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John Feehery: Right to rise?

Greg Nash

Jeb Bush needs a better campaign slogan. 

There, I said it. 

I think the former Florida governor is the best candidate in the presidential field. He has a deep background in policy. He is smart as a whip. He is plenty tough. And he is conservative, but he’s not angry about it. 

But, to be honest, I don’t know what “right to rise” means.

{mosads}If you have to take more than 10 seconds to explain your campaign slogan, you need to change it. 

I get what he is trying to say, I think. Folks in the middle class have a right to rise to the upper class. Or does he mean that people in the lower class have a right to rise to the middle class? Or maybe he means that the folks in the lower class have a right to rise to the upper class.

It could be he is talking about incomes and how they have a right to rise, although that would be really bad economic policy. There’s no sure thing in this world. 

In any event, Bush needs a campaign slogan that actually says something that makes visceral sense to the vast majority of the American people. “Right to rise” sounds to me like a jingle for a bread maker. 

Ronald Reagan had a great slogan: “Peace through strength.” It said something that the American people could understand, especially in comparison to the disastrous years of Jimmy Carter’s administration. 

Barack Obama had a good one, too with “Change you can believe in.” Voters, amid a market meltdown and the long and increasingly unpopular Iraq War, wanted the country to go in a completely different direction, not more of the same.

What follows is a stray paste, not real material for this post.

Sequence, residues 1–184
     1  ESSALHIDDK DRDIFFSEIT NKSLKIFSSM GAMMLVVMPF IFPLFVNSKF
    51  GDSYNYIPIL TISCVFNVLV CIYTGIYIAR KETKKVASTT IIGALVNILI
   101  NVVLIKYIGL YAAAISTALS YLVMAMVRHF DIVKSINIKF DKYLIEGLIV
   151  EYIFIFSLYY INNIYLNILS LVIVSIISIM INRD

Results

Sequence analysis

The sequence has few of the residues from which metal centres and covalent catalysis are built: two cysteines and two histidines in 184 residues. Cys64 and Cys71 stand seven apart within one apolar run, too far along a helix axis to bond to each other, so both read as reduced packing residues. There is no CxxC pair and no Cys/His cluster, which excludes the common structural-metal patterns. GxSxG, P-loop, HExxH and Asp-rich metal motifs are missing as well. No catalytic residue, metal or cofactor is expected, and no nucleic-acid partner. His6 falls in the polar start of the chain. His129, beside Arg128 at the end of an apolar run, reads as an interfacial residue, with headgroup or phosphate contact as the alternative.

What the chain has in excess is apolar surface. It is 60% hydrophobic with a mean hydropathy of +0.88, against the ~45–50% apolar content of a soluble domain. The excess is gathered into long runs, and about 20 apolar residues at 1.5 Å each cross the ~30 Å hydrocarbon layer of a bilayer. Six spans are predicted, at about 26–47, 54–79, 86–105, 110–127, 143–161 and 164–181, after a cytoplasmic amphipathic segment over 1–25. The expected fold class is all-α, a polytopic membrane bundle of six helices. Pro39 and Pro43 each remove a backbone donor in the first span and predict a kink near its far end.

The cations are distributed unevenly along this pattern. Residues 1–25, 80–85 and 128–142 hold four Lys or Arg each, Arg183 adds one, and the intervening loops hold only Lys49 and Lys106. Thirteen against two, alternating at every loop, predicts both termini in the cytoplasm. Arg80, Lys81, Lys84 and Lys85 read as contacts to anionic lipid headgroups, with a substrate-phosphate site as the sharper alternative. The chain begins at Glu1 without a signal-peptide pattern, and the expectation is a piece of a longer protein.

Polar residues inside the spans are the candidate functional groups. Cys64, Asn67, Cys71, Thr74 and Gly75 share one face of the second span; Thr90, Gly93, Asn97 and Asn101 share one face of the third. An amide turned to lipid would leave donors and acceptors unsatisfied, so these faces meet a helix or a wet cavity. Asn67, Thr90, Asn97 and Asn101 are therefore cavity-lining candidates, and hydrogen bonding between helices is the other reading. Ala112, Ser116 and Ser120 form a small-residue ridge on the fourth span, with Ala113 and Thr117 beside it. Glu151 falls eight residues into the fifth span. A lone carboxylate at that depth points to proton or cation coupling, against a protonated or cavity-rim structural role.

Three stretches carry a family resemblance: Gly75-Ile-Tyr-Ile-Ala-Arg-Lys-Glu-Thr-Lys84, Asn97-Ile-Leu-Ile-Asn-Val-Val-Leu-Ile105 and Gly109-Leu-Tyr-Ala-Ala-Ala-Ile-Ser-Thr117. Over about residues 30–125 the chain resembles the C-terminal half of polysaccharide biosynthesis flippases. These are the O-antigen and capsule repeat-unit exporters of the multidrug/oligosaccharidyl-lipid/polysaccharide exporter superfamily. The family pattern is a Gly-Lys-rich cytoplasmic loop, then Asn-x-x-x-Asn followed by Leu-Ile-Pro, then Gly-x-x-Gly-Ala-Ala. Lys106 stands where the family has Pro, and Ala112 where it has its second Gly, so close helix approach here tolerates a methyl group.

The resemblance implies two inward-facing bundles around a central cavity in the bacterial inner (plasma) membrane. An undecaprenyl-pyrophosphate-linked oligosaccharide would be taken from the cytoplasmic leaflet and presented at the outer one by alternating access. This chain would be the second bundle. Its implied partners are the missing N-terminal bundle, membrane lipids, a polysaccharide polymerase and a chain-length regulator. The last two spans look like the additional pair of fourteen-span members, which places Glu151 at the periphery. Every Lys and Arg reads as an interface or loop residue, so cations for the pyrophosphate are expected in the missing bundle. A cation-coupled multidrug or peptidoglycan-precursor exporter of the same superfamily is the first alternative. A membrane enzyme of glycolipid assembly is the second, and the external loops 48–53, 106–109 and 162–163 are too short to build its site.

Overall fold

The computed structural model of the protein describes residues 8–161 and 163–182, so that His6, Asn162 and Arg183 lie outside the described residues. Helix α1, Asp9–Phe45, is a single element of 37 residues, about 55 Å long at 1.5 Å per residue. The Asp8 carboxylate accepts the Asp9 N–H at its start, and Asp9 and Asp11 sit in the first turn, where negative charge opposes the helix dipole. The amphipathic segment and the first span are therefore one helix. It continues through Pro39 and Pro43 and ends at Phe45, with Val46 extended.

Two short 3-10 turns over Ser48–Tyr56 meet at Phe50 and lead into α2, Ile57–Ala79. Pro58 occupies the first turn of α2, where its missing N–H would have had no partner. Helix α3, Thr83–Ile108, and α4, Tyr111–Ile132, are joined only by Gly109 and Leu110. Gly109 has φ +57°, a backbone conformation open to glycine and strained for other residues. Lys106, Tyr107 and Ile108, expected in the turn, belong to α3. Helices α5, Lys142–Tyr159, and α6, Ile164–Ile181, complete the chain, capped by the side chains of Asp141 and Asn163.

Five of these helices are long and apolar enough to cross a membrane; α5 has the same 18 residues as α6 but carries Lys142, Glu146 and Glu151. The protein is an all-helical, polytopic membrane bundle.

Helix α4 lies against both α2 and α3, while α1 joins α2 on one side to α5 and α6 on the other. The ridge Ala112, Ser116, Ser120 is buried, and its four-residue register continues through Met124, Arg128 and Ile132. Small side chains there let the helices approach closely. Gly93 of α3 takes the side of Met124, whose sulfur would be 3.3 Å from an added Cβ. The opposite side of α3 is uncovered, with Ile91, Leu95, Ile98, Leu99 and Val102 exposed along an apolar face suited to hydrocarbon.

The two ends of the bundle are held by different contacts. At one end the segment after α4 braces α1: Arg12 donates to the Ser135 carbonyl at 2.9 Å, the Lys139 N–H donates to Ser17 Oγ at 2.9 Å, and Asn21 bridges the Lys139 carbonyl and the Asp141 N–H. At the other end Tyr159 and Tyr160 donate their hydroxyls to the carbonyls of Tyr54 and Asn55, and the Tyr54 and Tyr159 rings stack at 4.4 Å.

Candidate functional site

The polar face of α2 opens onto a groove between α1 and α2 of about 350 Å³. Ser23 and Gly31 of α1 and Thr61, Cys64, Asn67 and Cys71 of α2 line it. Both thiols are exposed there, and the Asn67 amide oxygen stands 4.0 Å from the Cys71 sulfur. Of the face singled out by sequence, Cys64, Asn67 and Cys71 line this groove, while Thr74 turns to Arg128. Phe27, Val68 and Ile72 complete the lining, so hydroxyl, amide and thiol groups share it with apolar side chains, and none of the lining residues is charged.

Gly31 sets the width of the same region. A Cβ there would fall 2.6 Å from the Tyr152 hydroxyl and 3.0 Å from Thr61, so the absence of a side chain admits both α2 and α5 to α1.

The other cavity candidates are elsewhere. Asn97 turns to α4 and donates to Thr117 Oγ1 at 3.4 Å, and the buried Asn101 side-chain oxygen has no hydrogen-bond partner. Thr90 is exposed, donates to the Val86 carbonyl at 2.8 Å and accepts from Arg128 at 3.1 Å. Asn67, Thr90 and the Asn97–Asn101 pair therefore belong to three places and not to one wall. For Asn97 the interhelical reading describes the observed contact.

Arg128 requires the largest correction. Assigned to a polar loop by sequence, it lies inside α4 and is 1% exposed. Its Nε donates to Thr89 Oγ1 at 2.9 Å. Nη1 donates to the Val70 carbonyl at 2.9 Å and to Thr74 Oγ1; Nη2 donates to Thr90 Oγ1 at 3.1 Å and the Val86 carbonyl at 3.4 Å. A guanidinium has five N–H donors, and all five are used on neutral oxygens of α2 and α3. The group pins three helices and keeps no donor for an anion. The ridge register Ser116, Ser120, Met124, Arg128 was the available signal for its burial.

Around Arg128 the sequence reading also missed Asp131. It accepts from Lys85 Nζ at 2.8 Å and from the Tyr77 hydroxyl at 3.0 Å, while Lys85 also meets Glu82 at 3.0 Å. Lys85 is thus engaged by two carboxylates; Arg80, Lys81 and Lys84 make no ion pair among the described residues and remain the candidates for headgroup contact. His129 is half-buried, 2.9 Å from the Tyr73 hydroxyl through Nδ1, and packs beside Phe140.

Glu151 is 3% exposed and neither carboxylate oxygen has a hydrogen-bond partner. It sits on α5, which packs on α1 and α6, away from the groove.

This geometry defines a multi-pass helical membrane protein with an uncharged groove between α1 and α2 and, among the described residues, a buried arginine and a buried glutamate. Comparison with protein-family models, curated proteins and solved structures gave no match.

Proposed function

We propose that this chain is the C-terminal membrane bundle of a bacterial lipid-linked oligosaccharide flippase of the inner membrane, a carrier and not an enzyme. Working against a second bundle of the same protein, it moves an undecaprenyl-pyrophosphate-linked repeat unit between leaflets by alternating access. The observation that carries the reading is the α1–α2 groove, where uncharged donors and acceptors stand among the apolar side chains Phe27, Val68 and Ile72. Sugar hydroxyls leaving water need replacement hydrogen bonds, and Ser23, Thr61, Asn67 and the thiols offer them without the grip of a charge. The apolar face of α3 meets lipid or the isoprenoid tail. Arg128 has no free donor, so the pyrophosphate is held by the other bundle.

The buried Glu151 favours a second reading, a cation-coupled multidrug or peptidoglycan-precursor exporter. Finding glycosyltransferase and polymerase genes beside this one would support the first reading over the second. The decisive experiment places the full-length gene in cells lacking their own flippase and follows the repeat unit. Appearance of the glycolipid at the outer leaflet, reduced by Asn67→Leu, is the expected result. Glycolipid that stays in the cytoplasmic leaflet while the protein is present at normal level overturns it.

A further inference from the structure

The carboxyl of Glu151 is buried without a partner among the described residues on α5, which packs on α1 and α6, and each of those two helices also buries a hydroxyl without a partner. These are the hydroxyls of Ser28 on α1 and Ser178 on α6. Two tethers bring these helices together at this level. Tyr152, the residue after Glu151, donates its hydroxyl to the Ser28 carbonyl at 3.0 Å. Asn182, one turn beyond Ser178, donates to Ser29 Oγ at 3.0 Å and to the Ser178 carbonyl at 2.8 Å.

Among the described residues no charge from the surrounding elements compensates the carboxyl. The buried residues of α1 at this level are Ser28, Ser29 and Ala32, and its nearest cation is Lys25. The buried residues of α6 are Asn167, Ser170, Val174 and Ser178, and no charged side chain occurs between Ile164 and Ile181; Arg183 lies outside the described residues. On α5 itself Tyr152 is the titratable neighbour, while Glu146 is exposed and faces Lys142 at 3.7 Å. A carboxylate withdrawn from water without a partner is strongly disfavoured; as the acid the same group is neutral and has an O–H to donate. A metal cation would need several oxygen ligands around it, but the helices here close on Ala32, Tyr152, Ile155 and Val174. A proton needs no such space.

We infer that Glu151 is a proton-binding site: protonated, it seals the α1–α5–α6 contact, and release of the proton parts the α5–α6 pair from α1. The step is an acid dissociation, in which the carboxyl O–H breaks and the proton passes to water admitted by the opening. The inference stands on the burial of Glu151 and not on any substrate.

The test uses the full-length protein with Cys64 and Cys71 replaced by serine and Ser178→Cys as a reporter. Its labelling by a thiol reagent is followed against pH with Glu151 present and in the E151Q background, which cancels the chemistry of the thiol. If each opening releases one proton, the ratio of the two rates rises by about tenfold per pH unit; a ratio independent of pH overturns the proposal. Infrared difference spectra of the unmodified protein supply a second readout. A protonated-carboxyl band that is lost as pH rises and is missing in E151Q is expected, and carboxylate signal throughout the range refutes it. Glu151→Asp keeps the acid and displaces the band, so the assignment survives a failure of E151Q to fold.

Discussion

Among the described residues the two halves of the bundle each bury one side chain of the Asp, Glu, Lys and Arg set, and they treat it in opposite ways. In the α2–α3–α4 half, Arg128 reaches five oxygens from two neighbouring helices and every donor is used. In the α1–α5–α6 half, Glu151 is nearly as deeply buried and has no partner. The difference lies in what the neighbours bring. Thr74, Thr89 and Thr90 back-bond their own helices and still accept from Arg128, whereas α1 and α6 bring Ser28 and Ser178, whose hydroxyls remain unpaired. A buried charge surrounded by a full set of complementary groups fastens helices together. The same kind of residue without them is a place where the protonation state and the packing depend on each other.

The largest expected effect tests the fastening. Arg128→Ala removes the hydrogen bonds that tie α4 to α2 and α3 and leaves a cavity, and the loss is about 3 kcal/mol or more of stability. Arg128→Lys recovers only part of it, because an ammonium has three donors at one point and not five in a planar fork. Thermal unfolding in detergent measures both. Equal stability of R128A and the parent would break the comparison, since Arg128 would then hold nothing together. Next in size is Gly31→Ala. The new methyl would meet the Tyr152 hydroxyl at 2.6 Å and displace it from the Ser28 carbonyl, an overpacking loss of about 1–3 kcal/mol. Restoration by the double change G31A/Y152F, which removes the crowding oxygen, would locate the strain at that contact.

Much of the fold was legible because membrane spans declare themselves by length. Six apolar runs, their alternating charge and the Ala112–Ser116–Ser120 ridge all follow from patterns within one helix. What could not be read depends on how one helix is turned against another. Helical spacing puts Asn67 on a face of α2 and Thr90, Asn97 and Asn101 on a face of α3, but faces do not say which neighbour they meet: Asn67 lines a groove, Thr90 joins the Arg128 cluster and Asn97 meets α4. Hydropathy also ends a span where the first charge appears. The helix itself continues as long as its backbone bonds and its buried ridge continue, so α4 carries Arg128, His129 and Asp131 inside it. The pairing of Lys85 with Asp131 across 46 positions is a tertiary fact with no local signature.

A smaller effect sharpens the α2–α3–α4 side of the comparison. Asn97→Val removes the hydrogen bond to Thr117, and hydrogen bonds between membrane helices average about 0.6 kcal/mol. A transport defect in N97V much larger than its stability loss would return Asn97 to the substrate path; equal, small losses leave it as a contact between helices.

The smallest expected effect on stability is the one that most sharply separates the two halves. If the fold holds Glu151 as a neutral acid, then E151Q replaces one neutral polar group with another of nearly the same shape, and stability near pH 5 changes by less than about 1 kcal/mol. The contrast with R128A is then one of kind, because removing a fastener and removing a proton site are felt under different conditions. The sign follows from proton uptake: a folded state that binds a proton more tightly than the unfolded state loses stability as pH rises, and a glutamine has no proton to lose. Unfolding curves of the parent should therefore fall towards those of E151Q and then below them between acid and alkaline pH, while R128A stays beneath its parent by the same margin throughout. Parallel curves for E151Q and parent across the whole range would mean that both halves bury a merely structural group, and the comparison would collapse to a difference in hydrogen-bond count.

Bill Clinton hit the nail on the head with “It’s the economy, stupid.” George H.W. Bush was overly focused on the end of the Cold War, and didn’t have much of a domestic agenda. Clinton hit him hard at his weakest point by focusing like a laser beam on jobs and economic growth, which was nicely summed up in his slogan. 

A good campaign slogan says more about the desires of the voters than it does about the candidate. 

Herbert Hoover offered a “chicken in every pot and a car in every garage.”

Warren Harding promised a “return to normalcy” after the tumult of World War I. 

FDR promised “Happy days are here again,” a campaign slogan that offered hope during the depths of the Depression. 

Jeb Bush’s “right to rise” is consistent with his family’s tradition of reforming Republicanism. The first President Bush promised a “kinder, gentler” America, a response, I suppose, to Reagan’s unkind and rough era. The second Bush offered “compassionate conservatism” because he believed that conservatives aren’t all that compassionate on their own. 

But in the post-Obama age, the American people won’t need a muted, diluted and mealy-mouthed response to the vacillation, weakness, second-guessing and malaise of the eight years under his administration. It needs a full-throated, vibrant and clear defense of our American values and our American way of life. 

We don’t need more hand-wringing. We need more leadership. 

America doesn’t need more introspection. It needs a kick in the pants. 

And the world doesn’t need America to be just one of the gang, just another country that is one of many in the United Nations. The world needs America to be the last true and best hope of Western civilization, a bulwark against dictators and a defender of freedom and our way of life.

If Jeb Bush wants to win the White House, he should offer a bigger, bolder message that will make the American people feel good about being American again. 

“Right to rise” just doesn’t cut it.

Feehery is president of QGA Public Affairs and blogs at He served as spokesman to former Speaker of the House Denny Hastert (R-Ill.), as communications director to former Rep. Tom DeLay (R-Texas) when he was majority whip, and as speechwriter to former Minority Leader Bob Michel (R-Ill.).

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